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Shipping and Logistics Opportunities in Africa’s Oil and Gas Industries

By NJ Ayuk, President, African Energy Chamber

One particular area where African companies can stand out is in shipping and logistics.

On the one hand, the demand for these services is both tremendous and inescapable. Shipping and logistics operators serve as crucial links in the oil and gas supply chain, in that they are responsible for moving goods, parts, equipment, and workers from the places where they can be picked up to the places where they are needed.

Some of these operators have found that oil and gas development can serve as the foundation of a successful business. Universal Africa Lines Alliance (UAL Alliance), for example, began delivering cargo to West Africa in 1973 and has now established itself as a stable provider of professional cargo handling services, focusing on break-bulk and project cargoes for the oil and gas industry. UAL Alliance moves cargo between the U.S. Gulf of Mexico and Europe to West Africa and vice versa and also offers intra-African service on the west coast of Africa.

UAL Alliance is an international firm, but it is also firmly rooted in Africa, as it serves ports in Ghana, Nigeria, Gabon, Equatorial Guinea, and Angola. What’s more, it has also constructed the K5 Freeport & Oil Centre, its own logistics and supply base at the port of Malabo in Equatorial Guinea — and in doing so, it has helped to create additional jobs for the contractors and subcontractors that helped build the base, as well as the companies that now use the base. It has also helped sustain the African companies that have acted as its shipping agents, such as Akon-Donluis in Equatorial Guinea, Action Rapide Transit (ART) in Gabon, and Logistics Support Services (Pty) Ltd in Namibia.

Oil and gas exploration and development off the west coast of Africa has already kept UAL Alliance busy for nearly 40 years, and the company is looking to grow over the next few years. It has said it hopes eventually to set up shop in East Africa — presumably, so that it can start offering the same kind of services and support to emerging hydrocarbon producers such as Mozambique, Tanzania, and Uganda.

As it does, it will not only be exploring new opportunities in the region. It will also be creating new opportunities — new opportunities for local shipping agents, new opportunities for the local service providers that will build, repair, and maintain its delivery facilities and offices, and so on.

And UAL Alliance is far from the only indigenous shipping and logistics firm in Africa seeing success in the oil and gas sector. Many others were heavily represented at African Energy Week in Cape Town and some signed deals with international oil companies. A few additional examples include Nairobi-based OML Africa Logistics and Luba Freeport, which provides oilfield equipment handling and transportation in Eastern Africa; Seabird Ghana, maritime logistics and oil and gas services provider for west Africa; and Petromarine Nigeria Limited, a marine logistics services provider for Nigeria’s oil and gas industry.

Building the Right Foundation

We’re also seeing African states take proactive steps to support successful oil and gas maritime logistics operations. Look at Senegal, which is constructing a high-tech, operationally efficient “superport” near Ndayane, 50 kilometers southeast of Dakar.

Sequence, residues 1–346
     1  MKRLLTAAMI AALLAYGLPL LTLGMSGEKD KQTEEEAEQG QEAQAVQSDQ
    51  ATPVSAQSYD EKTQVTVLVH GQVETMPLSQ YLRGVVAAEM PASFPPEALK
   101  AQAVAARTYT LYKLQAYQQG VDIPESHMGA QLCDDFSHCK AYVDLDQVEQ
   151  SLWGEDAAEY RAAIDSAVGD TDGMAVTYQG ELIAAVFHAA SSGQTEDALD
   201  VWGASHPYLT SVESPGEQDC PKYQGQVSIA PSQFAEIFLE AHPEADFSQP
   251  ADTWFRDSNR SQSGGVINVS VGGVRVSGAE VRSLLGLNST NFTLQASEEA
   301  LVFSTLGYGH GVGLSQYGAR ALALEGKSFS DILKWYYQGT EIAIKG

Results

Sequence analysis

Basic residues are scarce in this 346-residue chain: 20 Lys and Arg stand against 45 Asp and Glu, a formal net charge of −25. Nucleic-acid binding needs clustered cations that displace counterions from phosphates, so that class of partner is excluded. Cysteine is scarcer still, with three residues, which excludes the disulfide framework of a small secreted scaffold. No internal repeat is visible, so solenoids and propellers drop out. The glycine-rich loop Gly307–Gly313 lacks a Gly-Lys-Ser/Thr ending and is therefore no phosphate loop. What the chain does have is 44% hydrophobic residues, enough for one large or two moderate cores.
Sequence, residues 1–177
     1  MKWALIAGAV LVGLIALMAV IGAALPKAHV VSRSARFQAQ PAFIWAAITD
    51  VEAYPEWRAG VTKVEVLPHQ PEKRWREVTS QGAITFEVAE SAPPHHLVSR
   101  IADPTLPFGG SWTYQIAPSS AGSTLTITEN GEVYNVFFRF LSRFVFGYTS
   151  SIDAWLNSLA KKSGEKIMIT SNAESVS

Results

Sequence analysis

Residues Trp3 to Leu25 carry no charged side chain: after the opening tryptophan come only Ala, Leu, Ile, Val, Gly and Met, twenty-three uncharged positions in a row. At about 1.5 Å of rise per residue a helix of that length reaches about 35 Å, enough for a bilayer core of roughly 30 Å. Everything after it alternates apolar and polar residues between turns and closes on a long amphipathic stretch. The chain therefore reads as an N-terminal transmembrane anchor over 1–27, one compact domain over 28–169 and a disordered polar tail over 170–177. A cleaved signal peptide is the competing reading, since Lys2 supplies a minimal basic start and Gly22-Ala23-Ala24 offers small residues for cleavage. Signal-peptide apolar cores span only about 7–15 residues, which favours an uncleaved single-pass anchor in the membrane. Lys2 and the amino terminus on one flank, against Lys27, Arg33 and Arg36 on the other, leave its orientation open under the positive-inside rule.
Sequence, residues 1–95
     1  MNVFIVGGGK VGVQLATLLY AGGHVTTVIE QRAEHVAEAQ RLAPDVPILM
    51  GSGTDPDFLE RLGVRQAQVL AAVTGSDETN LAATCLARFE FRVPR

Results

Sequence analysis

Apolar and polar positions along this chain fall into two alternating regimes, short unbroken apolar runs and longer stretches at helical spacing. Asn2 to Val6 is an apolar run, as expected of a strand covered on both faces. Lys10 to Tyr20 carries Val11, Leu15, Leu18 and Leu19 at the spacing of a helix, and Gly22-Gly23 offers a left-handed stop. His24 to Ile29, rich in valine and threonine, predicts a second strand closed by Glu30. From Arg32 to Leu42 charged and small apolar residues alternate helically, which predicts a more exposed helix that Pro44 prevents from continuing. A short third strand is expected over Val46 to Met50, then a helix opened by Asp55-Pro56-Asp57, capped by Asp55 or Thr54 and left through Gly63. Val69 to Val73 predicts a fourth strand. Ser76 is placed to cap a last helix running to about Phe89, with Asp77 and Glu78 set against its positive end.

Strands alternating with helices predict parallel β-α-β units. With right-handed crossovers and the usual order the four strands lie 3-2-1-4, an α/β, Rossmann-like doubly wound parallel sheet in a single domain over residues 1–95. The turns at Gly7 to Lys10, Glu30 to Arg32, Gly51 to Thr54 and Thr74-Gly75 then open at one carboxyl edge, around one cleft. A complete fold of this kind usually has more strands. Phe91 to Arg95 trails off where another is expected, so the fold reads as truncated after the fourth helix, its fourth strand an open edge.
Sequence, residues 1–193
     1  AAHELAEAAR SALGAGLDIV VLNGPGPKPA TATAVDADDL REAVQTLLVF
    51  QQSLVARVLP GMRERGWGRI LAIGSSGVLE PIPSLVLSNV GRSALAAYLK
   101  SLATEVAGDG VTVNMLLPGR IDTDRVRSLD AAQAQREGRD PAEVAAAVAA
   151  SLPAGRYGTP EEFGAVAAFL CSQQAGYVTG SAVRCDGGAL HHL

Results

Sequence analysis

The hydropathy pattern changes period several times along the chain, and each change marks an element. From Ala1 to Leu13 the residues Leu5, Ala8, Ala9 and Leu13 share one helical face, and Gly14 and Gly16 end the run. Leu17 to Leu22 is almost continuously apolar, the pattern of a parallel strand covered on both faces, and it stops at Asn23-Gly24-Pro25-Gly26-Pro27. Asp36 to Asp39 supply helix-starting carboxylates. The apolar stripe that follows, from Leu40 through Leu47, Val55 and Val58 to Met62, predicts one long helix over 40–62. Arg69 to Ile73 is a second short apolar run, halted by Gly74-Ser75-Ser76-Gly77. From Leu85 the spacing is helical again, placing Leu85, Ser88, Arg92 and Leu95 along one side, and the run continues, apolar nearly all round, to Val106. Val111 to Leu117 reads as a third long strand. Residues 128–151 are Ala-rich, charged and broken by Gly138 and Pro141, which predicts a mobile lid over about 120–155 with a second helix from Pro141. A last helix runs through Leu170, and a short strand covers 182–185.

The project, dubbed the “Port of the Future,” is part of the country’s energy sector expansion, launched after the discovery of approximately 450Billion cubic meters of natural gas. What’s more, Senegal is taking steps to make sure that everyday people benefit from its growing maritime infrastructure by building local capacity. Macky Sall’s Plan Senegal Emergent is specifically designed to, among other things, create opportunities for local service companies. Senegal also is fostering capacity building in maritime logistics through its National Petroleum Institute and the Dakar Business School. Aguibou Ba is the Executive Director of the Institut National du Pétrole et du Gaz (INPG), has also implemented related programmes to fast track capacity in this area through the state institute.

Another positive example is Mozambique, which is developing a national strategy for a blue economy that addresses, in addition to fishing and aquaculture, the country’s extractives and hydrocarbon sectors. The plan will also include a regional plan for maritime security. With a plan in place, hopefully followed by policies that support local entrepreneurs and capacity building, Mozambique OSPs will be in a strong position for success in maritime logistics.

The African Energy Chamber believes there are numerous opportunities available for African companies and entrepreneurs who are ready to explore the shipping and logistics sector. Now is the time to seize them.

Mercuria Wants a Share of the Suez Canal

By Mohammed Jetutu, in Cairo

Crude oil trader, Mercuria, has expressed interest in investing in the Suez Canal, the international maritime shipping lane that is a favourite of crude oil and natural gas exporters.

The 17-year-old company, with gross turnover of $116Billion and 368Million TOE (Total trading volume) in 2019, “wants to be involved in the area because it is geographically important and is one of the most promising economic regions in the world”, according to Mustafa Madbouli, Egypt’s Prime Minister.

The Suez Canal runs through Egypt, spanning north to south from the Mediterranean Sea to the Red Sea.

For most of the six weeks of 2021, it has been the preferred shipping route for LNG carriers heading from the United States to East Asia and looking to avoid a highly congested Panama Canal, according to Argue Media. Shippers are finding that the shorter journey offered by Suez offsets the toll they’ll have to pay by choosing the canal over rounding the Cape of Good Hope.

Mr. Madbouli held a meeting with the Egyptian officials of the company, including Majid Shenouda, CEO of Mercuria Egypt, over the terms of Mercuria’s proposed investment. The government side at the meeting included Tariq El-Molla, Minister of Oil and Mineral Wealth, Osama Rabei, Chairman of the Suez Canal Authority, and Yahya Zaki, Chairman of the Suez Canal Economic Authority.

Mercuria is proposing to invest $450Million in ship supply, marine waste collection and water purification, as well as shipping services in the Suez Canal area. The company executives told the government officials that Mercuria has a timeline for implementation of no more than 36 months.